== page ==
Climate Change and Investment Risk

I was driving through the countryside this weekend and through the catchment area for one of my pet investments.  Rumbling bridge hydro.

I have had a soft spot for cooperative finance and I’ve been investing in Peer to Peer investments for over 10 years but a couple of years ago I came across this type of energy cooperative.

Basically, the cost of building a wind turbine or solar park is too much for one person alone – so a group can get together and do it themselves.  Power to the people (quite literally) and money to the investors in the form of RPI linked credits for power generated for the next 25 years.  Returns are variable and long term are probably about 6% and the schemes even qualified for EIS tax relief at 30% back in the day – not so anymore. The trailing yield for me is 6.85% at the moment or around 9.7% with EIS relief included.

Anyway, I was looking for long term income to power FIRE and this looked like a good idea.  I’ve about 4% of my net assets invested in 5 different schemes which should give me about 10% of my required FIRE income.

Back to the story, I was wondering how well the Rumbling Bridge Hydro project was performing.  After all, I’ve put my money into the scheme and I want a good return.  But considering it’s been bone dry in Scotland for a long time and that much mean that the scheme is either not generating any electricity or hardly any at all!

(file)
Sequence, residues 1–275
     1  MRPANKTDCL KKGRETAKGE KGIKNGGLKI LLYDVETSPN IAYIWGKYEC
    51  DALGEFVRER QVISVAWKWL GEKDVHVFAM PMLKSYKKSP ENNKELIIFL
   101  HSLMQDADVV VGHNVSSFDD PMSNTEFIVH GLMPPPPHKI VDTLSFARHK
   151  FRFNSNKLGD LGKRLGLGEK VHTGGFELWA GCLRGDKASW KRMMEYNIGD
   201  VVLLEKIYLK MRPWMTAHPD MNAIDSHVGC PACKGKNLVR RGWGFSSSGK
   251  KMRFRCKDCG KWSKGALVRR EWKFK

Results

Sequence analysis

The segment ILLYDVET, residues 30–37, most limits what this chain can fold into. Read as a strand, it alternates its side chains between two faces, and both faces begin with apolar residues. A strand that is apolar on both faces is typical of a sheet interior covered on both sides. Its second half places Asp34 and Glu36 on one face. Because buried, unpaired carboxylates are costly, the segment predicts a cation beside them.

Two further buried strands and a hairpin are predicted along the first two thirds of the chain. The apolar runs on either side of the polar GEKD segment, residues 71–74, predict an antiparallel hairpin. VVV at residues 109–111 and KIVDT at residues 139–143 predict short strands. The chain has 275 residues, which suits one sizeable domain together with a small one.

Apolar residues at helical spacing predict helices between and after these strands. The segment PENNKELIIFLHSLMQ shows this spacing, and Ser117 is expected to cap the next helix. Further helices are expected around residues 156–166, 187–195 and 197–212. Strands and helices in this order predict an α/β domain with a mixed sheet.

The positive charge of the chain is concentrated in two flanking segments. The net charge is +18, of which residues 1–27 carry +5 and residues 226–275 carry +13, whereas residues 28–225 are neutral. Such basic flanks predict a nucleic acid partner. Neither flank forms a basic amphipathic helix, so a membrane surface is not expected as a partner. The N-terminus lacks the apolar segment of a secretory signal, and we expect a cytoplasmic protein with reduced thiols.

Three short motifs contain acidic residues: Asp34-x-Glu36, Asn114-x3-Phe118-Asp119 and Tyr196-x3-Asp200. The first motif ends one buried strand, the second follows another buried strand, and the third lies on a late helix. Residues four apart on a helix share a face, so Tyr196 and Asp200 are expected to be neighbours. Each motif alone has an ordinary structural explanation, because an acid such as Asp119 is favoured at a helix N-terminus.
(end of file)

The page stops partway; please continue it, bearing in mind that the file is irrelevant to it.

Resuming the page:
No water = No Money! No wind = No Money! No Sun = No Monday!

Ok – you won’t get all of these things happening at once – but the impacts of global warming will been seen over the next years.  It’s maybe a question more for the grid operator and not for the private investors, but it doesn’t mean we shouldn’t think about it.

This summer has led to melting roofs and roadshosepipe bans and bumper crops of fruit but nobody to pick them.  The bad winter means more spend to fix potholes. The beast from the east caused no end of problems.

Ideally, you want to get on the side of the people who fix the problems and not that of who pays for the problem.  I’m not sure if I should do anything with my portfolio and investments to be honest.  I have an allocation of money in infrastructure already and I don’t think I need to change that for now.

For now, I’ll just enjoy what’s left of this amazing summer.  Who knows how long it will last and anyway, we are probably due a hurricane, floods or something like that before too long.


  1. […] I took home more pay from work as I have cut my pension contributions.  The Lady is still on 100% maternity pay which is nice.  On dividends we had a strong month with about £1500 paid in the month .  One investment (High Winds co-op) paid a 5% dividend of £150 which was nice because I had expected only 4%/£120 and the general performance of wind power has been poor this year due to the warm summer.  That’s a 7% return with accounting for the EIS rebate. […]


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